Current opinion in lipidology 04/2015; 26(3). DOI:10.1097/MOL.0000000000000175 · 5.80 Impact Factor
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    ABSTRACT: Ezetimibe reduces plasma levels of low-density lipoprotein (LDL) cholesterol by inhibiting Niemann-Pick C1-Like protein 1 (NPC1L1), the transporter responsible for cholesterol uptake from the intestine into enterocytes and from the bile into hepatocytes. We tested the hypothesis that genetic variation in NPC1L1, mimicking the effect of ezetimibe, was associated with reduced risk of ischaemic vascular disease (IVD) and with increased risk of symptomatic gallstone disease. We included 67 385 individuals from the general population. Of these, 5255 and 3886 individuals developed IVD or symptomatic gallstone disease, respectively, during follow-up from 1977 to 2013. We genotyped four common NPC1L1variants, previously associated with reduced LDL cholesterol levels, thus mimicking the effect of ezetimibe, and calculated a weighted genotype score. With increasing genotype score, LDL cholesterol decreased stepwise up to 3.5% (0.12 mmol/L) and total cholesterol up to 1.9% (0.11 mmol/L) (P-trend: 2 × 10(-12) and 2 × 10(-9)). The cumulative incidence by age of IVD decreased, while that of symptomatic gallstone disease increased as a function of increasing genotype score (P-trend: 0.005 and 0.01). Hazard ratios for genotype scores ≥5.0 vs. <2.0 were 0.82 (95% confidence interval: 0.70-0.95) for IVD and 1.22 (0.99-1.49) for gallstone disease (P-trend across genotype scores: 0.004 and 0.01). Genetic variation in NPC1L1 is associated with a reduction in risk of IVD, with a corresponding reduction in LDL cholesterol, but with a concomitant increased risk of gallstone disease. These data support the hypothesis that treatment with ezetimibe protects against IVD but raise the question whether long-term treatment increases the risk of gallstone disease. Published on behalf of the European Society of Cardiology. All rights reserved. © The Author 2015. For permissions please email:
    European Heart Journal 04/2015; DOI:10.1093/eurheartj/ehv108 · 14.72 Impact Factor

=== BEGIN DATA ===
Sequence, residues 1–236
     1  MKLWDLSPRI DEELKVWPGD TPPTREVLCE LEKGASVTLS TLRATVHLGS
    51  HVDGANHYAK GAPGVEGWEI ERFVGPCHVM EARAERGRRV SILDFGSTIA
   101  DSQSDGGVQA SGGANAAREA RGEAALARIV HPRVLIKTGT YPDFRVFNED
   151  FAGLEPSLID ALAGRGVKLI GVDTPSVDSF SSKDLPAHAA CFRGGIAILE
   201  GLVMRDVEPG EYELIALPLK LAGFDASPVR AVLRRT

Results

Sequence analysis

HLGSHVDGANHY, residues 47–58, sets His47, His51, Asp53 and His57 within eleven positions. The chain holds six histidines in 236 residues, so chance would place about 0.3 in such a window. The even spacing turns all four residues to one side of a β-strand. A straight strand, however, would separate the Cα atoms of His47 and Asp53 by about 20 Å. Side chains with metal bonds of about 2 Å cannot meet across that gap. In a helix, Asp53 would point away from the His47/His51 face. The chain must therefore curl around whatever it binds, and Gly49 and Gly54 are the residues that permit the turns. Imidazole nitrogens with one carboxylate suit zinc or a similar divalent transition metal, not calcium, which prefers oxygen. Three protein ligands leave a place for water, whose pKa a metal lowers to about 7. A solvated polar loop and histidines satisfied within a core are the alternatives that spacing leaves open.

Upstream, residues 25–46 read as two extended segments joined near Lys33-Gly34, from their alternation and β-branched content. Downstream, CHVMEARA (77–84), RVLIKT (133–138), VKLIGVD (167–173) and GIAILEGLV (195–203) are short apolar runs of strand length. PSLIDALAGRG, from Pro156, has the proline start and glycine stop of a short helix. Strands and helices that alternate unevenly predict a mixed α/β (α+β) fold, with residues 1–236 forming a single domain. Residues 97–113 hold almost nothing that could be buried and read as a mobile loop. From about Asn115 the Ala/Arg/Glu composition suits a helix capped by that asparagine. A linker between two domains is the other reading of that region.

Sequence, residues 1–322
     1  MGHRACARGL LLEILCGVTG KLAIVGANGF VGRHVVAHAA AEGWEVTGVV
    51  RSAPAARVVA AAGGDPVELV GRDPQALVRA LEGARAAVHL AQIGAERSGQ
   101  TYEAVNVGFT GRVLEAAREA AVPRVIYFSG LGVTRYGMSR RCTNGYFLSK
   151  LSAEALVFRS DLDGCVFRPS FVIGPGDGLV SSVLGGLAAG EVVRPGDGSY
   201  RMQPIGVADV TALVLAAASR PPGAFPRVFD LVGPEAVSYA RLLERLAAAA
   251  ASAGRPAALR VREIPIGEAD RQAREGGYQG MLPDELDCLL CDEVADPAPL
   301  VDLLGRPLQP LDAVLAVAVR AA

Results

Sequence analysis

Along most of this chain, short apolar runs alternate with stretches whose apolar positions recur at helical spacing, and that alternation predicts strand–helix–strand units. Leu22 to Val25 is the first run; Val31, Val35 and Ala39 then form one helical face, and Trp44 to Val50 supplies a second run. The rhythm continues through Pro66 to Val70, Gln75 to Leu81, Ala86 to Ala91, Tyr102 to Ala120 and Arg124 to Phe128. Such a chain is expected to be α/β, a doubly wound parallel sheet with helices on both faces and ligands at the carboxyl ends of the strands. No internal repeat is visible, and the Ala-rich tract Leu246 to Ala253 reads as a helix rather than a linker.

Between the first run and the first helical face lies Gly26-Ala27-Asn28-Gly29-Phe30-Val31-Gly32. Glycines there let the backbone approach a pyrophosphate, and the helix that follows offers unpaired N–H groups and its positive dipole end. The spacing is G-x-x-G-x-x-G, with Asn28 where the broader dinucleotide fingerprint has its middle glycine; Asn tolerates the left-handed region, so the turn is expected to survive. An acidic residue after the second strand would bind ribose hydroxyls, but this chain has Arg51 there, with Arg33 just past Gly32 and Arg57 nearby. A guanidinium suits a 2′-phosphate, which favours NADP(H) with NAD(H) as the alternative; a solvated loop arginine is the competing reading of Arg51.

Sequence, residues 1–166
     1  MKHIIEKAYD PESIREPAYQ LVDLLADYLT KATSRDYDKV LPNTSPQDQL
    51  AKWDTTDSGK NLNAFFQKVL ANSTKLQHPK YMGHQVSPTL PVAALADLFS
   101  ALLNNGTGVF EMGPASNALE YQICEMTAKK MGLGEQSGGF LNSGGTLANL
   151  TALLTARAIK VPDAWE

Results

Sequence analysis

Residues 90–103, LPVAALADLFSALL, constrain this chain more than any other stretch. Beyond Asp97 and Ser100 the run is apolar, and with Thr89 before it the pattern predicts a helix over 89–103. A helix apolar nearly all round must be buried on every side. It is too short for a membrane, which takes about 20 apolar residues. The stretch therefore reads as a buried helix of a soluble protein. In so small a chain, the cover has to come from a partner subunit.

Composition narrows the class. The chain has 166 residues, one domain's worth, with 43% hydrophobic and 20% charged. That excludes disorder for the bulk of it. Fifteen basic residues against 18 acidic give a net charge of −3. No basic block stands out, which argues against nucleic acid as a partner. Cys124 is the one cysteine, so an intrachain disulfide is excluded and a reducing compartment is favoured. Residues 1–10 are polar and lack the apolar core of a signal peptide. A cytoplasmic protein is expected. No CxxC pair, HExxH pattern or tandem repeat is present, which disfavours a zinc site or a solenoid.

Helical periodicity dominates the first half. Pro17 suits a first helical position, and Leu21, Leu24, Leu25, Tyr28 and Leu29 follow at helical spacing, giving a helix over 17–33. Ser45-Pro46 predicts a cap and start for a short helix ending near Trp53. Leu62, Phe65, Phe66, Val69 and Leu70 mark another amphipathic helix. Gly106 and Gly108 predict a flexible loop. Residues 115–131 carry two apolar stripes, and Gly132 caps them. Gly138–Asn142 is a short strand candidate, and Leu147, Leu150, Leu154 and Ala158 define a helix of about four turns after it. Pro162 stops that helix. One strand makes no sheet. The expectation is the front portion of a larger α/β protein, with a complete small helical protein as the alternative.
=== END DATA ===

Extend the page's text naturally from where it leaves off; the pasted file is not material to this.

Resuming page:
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    ABSTRACT: Background To investigate potential cardiovascular and other eff ects of long-term pharmacological interleukin 1 (IL-1) inhibition, we studied genetic variants that produce inhibition of IL-1, a master regulator of infl ammation.
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    ABSTRACT: Objective: The apolipoprotein E (APOE) ε4 allele is a major genetic risk factor for Alzheimer disease and dementia. It remains however unclear whether plasma levels of apoE confer additional risk. We tested this hypothesis. Methods: Using 75,708 participants from the general population, we tested whether low plasma levels of apoE at study enrollment were associated with increased risk of future Alzheimer disease and all dementia, and whether this association was independent of ε2/ε3/ε4 APOE genotype. Results: Multifactorially adjusted hazard ratios (HRs) for Alzheimer disease and all dementia increased from the highest to the lowest apoE tertile (p for trends:<1 × 10(-6) ). Multifactorially adjusted HRs for lowest versus highest tertile were 2.68 (95% confidence interval: 2.04-3.52) and 1.80 (1.52-2.13) for Alzheimer disease and all dementia, respectively. After further adjustment for ε2/ε3/ε4 APOE genotype, plasma apoE tertiles remained associated with Alzheimer disease (p for trend=0.007) and all dementia (p for trend=0.04). Plasma apoE tertiles did not interact with ε2/ε3/ε4 APOE genotype on risk of Alzheimer disease (p=0.53) or all dementia (p=0.79). In a subanalysis, the -219G>T GT promoter genotype, associated with low plasma apoE levels, remained significantly associated with increased risk of Alzheimer disease after adjustment for ε2/ε3/ε4 APOE genotype (HR: 1.56 (1.05-2.30)). Interpretation: Low plasma levels of apoE are associated with increased risk of future Alzheimer disease and all dementia in the general population, independent of ε2/ε3/ε4 APOE genotype. This is clinically relevant, because no plasma biomarkers currently are implemented. Hence, plasma levels of apoE may be a new, easily accessible preclinical biomarker. This article is protected by copyright. All rights reserved. © 2014 American Neurological Association.
    Annals of Neurology 02/2015; 77(2). DOI:10.1002/ana.24326 · 11.91 Impact Factor